The Optimist Daily very much likes writing about plastic cleanup in the oceans. So, we were ecstatic when we learned about the beginnings of a treaty on par with the Paris Climate Accords to clean up plastics.
The Paris Climate Accords made history as an international effort of 192 countries to work in concert to limit global warming, by peaking our global emissions as soon as possible and reaching carbon neutrality. Much like what The Paris Climate Accords did for the earth, the world now aims to reach a similar agreement for the sea.
More than 200 nations have agreed to negotiations on what would be an international treaty to address the issue of plastics littering our seas. This could mean rules regulating the production, use, and cleanup and disposal of plastics worldwide.
UN member states agreed at the UN Environment Assembly Nairobi, Kenya to draw up the framework of this agreement. Members involved in drafting this agreement have until 2024 to have a treaty ready to be signed. Many are facing pressure from the people of their own countries, some of who struggle with plastic pollution more than others. Environmentalist groups are also demanding incentives to adhere to binding and clear global standards of plastic disposal and penalties for harmful waste.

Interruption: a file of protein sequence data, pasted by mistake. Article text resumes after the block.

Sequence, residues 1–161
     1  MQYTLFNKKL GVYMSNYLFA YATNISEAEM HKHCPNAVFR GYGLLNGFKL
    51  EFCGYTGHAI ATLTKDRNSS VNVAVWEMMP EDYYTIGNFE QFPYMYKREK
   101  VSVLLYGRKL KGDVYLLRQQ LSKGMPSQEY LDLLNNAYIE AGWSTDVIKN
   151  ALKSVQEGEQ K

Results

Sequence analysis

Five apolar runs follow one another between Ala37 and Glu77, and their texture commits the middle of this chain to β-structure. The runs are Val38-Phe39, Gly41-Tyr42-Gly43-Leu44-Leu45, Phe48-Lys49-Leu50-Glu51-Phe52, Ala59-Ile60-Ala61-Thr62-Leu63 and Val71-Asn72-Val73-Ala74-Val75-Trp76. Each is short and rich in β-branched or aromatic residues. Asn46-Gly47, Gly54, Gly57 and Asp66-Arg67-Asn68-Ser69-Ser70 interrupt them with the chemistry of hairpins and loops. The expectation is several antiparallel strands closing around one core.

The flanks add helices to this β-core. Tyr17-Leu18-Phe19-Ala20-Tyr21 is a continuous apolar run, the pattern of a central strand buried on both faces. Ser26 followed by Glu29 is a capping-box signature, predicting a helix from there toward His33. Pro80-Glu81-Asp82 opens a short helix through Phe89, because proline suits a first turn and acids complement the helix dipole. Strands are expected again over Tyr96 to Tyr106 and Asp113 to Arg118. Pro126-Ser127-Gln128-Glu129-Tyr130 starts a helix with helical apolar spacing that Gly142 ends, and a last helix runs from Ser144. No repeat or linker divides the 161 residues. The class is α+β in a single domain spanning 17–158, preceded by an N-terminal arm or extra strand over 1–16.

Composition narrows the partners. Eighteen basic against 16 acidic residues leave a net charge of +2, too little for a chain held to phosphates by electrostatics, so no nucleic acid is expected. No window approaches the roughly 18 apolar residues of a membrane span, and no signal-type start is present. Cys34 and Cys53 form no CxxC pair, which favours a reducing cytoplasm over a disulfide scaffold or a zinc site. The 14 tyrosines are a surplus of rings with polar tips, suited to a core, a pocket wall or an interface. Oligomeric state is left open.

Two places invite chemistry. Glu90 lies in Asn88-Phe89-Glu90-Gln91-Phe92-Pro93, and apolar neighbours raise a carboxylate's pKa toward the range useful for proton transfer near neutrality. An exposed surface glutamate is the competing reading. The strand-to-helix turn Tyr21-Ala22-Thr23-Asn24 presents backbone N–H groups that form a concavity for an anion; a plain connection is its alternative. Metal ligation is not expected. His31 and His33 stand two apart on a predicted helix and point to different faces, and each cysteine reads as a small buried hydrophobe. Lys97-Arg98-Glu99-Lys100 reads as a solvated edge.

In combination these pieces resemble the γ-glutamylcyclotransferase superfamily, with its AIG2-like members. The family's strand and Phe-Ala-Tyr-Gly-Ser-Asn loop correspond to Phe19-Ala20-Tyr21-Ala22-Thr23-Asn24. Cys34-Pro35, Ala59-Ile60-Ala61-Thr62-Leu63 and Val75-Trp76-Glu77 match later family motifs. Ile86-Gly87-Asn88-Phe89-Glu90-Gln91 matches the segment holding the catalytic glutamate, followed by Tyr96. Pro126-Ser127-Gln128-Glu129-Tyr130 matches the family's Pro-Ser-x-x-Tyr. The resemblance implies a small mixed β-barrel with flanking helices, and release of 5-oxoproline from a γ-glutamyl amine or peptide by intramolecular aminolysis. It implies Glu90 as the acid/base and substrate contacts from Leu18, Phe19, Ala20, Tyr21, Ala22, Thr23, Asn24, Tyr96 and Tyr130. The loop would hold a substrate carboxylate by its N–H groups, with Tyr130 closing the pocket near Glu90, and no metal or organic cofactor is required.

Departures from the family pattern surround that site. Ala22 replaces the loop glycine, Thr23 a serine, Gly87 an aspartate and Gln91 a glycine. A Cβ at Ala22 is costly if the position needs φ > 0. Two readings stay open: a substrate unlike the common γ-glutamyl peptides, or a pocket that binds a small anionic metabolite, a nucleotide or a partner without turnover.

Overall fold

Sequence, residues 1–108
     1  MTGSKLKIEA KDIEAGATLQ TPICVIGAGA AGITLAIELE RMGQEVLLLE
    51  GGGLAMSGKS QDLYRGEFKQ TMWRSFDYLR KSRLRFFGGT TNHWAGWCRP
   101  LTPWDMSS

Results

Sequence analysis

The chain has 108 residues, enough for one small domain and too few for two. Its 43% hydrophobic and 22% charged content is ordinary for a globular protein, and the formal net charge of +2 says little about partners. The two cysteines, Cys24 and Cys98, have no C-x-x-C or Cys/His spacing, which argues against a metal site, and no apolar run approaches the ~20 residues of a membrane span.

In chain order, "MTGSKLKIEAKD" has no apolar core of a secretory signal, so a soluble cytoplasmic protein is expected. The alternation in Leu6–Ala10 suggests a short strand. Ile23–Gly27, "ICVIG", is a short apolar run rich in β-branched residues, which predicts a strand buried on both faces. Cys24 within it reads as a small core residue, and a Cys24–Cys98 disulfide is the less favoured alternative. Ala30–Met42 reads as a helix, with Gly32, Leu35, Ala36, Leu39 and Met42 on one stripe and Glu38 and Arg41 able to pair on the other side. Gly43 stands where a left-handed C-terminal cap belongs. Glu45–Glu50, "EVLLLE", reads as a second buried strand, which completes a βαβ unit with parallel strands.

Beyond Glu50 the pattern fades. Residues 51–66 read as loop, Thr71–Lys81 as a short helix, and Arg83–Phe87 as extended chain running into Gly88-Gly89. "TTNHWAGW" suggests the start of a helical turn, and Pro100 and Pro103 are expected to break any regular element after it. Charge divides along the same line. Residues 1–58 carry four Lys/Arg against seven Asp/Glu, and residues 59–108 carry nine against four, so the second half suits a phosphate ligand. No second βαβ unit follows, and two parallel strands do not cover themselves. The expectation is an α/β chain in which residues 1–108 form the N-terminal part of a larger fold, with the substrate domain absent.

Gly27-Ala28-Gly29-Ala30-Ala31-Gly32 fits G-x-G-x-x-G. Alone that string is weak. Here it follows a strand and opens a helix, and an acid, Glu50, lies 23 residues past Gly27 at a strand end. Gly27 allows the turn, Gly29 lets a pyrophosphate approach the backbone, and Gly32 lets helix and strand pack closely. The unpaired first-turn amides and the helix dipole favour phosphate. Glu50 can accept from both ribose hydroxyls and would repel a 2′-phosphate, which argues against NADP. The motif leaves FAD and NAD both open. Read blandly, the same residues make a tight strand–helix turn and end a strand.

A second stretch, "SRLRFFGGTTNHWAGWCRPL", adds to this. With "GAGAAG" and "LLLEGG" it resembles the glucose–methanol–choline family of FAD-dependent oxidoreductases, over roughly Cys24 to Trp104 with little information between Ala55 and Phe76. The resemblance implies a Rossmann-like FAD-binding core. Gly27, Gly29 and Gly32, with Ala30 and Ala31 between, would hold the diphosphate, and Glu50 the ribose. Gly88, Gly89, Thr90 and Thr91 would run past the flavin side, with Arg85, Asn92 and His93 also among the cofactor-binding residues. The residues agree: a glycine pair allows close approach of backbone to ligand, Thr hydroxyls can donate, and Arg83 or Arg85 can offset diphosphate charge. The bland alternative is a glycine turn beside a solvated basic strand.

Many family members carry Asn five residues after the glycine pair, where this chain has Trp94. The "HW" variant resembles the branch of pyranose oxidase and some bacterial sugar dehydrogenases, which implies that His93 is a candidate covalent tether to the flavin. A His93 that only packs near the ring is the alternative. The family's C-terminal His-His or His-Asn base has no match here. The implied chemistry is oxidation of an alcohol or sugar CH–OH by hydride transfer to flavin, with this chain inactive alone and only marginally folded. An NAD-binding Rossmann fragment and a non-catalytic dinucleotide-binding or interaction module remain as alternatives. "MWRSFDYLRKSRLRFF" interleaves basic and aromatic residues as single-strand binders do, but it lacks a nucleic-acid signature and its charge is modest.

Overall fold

It is a widely held concern that plastic pollution is harming habitats, endangering wildlife, and damaging the food supply with more than five trillion pieces of plastic floating in the world’s oceans. Tackling this issue has been called one of the most ambitious environmental actions since the 1989 Montreal Protocol, which phased out substances that depleted our ozone layers.
We can now finally begin to substantially fix so much of the damage done to our planet by plastic waste. As Lord Zac Goldsmith, UK government minister for the international environment, said, “Although there is much to be done now to turn it into an ambitious and far-reaching treaty, we can now begin to close this ugly chapter [on our history].”